Macau returns to the motherland with relief
Sunday 19 December 1999
By late yesterday, some 10,000 security officers and soldiers were waiting on the Chinese side of the border to back up Macau's 4,000-strong police force. With fears of possible disruptions from triad gangsters, pro-democracy advocates and members of the outlawed Falun Gong movement, Peking had even persuaded immigration officials in nearby Hong Kong to prevent potential troublemakers from boarding ferries for Macau.
But, just like Hong Kong's handover in mid-1997, the main dampener looks like being the weather. Unusually heavy rain for this time of year fell relentlessly, hampering efforts to get the last of Macau's flags and decorations in place. At the colourful temple of A-Ma, the patroness of seafarers after whom Macau is named, Macanese flocked to pray for good fortune in the future, starting with less rain. "It's the least we can do for such an important event," said Betty Guan, a housewife.
Crowds were so heavy that many were forced to queue outside the ancient temple in the pouring rain with their offerings of food, drink and incense. Their enthusiasm for a return to Chinese sovereignty appeared the rule rather than the exception, with most in the territory expressing genuine relief at the handover, even though Peking has promised Macau a degree of autonomy for the next 50 years.
The return of Macau, with its population of less than half a million, has been far less fraught than that of Hong Kong, a territory of six million people, a major port and a significant player in the international financial markets. In contrast to Britain, which resisted Chinese interference up to the last minute, Portugal long ago yielded a significant measure of day-to-day control over the enclave.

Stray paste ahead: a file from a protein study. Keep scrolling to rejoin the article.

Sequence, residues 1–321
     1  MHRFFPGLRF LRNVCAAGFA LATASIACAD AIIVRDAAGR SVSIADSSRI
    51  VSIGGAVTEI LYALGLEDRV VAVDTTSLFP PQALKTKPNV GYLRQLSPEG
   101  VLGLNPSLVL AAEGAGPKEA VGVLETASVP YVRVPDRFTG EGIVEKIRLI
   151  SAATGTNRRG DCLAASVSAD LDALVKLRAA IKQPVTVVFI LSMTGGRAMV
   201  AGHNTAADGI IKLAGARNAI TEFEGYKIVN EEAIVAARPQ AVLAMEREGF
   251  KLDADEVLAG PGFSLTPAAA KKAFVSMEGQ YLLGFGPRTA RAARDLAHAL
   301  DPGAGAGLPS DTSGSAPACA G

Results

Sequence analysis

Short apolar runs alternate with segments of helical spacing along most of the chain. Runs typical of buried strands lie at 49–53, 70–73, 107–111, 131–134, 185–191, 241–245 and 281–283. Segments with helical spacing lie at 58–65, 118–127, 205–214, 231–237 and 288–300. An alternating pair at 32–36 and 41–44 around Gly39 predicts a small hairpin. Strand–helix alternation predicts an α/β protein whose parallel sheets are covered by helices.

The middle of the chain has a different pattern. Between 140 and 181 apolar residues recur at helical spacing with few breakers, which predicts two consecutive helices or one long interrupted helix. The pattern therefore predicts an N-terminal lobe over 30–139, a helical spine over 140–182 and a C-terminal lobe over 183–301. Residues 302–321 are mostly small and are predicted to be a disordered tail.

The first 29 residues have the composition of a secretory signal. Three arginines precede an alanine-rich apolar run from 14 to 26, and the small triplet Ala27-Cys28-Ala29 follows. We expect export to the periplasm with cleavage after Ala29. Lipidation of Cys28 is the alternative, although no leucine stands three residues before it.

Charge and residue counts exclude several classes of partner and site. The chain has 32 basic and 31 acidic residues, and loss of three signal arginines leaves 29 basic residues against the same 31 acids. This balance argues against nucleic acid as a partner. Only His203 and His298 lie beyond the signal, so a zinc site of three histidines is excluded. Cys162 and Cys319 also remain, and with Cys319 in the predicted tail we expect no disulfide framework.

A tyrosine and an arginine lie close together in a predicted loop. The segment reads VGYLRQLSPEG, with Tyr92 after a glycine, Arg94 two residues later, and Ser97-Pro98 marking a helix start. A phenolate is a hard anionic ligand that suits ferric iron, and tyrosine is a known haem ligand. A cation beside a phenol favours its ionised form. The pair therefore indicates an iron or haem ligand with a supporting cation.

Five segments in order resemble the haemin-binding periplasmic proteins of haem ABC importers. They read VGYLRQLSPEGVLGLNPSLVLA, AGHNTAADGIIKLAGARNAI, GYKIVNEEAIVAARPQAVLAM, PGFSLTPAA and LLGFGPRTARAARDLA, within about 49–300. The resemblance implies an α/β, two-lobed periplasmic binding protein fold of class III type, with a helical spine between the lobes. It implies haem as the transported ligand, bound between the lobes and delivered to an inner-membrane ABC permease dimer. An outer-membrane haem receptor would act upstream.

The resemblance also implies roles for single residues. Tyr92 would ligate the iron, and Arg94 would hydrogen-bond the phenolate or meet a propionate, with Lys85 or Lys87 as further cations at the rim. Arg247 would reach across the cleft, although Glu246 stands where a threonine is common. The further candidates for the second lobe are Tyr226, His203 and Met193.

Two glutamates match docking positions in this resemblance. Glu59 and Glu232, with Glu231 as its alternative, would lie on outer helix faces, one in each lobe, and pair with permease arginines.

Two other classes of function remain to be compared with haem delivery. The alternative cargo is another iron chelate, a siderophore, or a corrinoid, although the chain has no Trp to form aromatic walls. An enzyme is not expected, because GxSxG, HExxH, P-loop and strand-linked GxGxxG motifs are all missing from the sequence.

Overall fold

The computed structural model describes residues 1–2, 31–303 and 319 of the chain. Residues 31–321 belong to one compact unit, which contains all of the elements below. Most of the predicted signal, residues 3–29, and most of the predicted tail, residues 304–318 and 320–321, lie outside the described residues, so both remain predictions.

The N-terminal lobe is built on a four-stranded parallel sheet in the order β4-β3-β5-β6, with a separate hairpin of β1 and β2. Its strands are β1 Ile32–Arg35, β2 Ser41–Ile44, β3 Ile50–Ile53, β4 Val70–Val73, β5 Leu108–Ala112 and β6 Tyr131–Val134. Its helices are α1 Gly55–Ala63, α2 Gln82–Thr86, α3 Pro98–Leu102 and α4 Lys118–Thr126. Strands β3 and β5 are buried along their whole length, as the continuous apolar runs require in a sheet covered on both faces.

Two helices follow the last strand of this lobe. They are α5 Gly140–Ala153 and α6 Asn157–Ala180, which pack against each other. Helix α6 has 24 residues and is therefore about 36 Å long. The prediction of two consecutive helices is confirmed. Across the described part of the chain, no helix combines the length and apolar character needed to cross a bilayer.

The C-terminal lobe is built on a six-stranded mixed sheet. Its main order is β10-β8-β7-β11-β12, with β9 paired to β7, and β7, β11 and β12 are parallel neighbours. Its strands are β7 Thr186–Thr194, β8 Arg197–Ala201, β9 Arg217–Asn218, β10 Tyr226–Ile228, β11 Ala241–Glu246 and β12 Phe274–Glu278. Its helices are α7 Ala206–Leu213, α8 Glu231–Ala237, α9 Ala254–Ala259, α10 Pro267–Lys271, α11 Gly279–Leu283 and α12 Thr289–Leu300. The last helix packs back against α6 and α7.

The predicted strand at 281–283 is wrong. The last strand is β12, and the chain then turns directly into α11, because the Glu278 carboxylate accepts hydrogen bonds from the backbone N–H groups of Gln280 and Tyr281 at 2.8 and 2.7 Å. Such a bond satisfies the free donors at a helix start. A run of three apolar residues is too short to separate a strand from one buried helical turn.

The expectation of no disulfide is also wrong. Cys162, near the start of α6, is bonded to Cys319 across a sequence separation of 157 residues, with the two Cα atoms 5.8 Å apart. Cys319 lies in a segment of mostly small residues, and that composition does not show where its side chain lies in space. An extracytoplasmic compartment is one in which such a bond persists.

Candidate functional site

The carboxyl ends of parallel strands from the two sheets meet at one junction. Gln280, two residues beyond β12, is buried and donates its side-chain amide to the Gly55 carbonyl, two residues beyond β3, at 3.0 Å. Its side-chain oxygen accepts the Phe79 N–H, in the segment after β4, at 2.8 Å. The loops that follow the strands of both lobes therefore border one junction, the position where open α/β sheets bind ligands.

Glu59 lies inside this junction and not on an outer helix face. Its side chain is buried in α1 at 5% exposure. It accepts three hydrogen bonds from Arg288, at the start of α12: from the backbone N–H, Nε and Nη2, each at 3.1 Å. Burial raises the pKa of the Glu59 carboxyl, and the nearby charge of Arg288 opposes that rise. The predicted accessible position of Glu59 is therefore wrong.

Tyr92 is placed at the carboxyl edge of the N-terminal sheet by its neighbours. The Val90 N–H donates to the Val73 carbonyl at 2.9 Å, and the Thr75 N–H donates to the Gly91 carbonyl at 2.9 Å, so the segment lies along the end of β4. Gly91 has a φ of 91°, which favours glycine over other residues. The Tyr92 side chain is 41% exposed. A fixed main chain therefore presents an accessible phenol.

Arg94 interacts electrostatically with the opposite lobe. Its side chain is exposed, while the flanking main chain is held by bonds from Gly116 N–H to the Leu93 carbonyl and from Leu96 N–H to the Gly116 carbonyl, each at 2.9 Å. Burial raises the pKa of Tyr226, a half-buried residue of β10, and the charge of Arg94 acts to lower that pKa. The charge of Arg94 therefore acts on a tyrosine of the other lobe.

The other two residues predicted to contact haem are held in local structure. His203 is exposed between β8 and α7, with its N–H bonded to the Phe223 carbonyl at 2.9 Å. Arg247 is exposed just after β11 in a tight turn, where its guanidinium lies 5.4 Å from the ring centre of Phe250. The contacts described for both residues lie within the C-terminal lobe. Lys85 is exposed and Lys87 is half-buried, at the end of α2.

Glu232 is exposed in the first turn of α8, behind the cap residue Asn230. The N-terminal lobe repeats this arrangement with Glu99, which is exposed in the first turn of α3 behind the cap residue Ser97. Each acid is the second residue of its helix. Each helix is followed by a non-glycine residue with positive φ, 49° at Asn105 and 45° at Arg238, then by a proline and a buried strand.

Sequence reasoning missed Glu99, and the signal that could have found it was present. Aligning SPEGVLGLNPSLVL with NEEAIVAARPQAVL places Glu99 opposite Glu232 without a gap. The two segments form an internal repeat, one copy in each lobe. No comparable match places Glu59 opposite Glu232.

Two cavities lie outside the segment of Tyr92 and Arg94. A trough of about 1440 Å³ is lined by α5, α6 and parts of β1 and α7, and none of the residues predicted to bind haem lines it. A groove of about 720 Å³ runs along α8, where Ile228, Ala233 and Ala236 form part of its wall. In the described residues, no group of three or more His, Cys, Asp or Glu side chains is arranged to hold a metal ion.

The main problem Macau faces is crime connected to its principal industry, gambling. After growing during the 1980s and early 1990s, the economy has contracted in the run-up to the handover, because of a bloody Chinese triad turf war that has claimed 39 lives this year alone.
With one in four of the Macanese workforce relying on the territory's neon-clad casinos to make a living, most of the population is only too glad to welcome in a sovereign power that promises tough action against organised crime - and has already made 3,000 gang-related arrests on the mainland to hammer home the point. Macau's incoming Chief Executive, Edmund Ho Hau Wah, has repeatedly promised strong action to stop the triads' turf war once he takes control. "The terror of the triads has really become too much," said Vincent Chen, a road engineer.
Huge red banners hanging from many of Macau's commercial buildings in anticipation of the handover declared: "Tomorrow will be better", and "We long to return to the motherland". The overwhelmingly positive sentiment is in marked contrast to China's wrangling with the last Governor of Hong Kong, Chris Patten, whom Peking once called "triple violator" and a "prostitute for a thousand generations".
To China's probable irritation, Mr Patten is now the Euro- pean Union's external affairs commissioner, and will attend Macau's handover ceremony in his new capacity. He will also be travelling to Peking this week for the annual EU-China summit.
Apart from Macau's preoccupation with the triads, there are other historical reasons for a smoother handover than in 1997. While Britain took Hong Kong as a trophy after the Sino-British Opium War, China handed Macau to the Portuguese in 1557, by some accounts as a reward for fighting pirates.
The first time Portugal tried to give Macau back, in 1974, China declined. But this time around it hopes to use the handover to push ahead with its "sacred mission" to reunite the nation by luring Taiwan back to the fold. President Jiang Zemin told his Russian counterpart, Boris Yeltsin, last week that with Macau in hand, getting Taiwan back will become "still more pressing".
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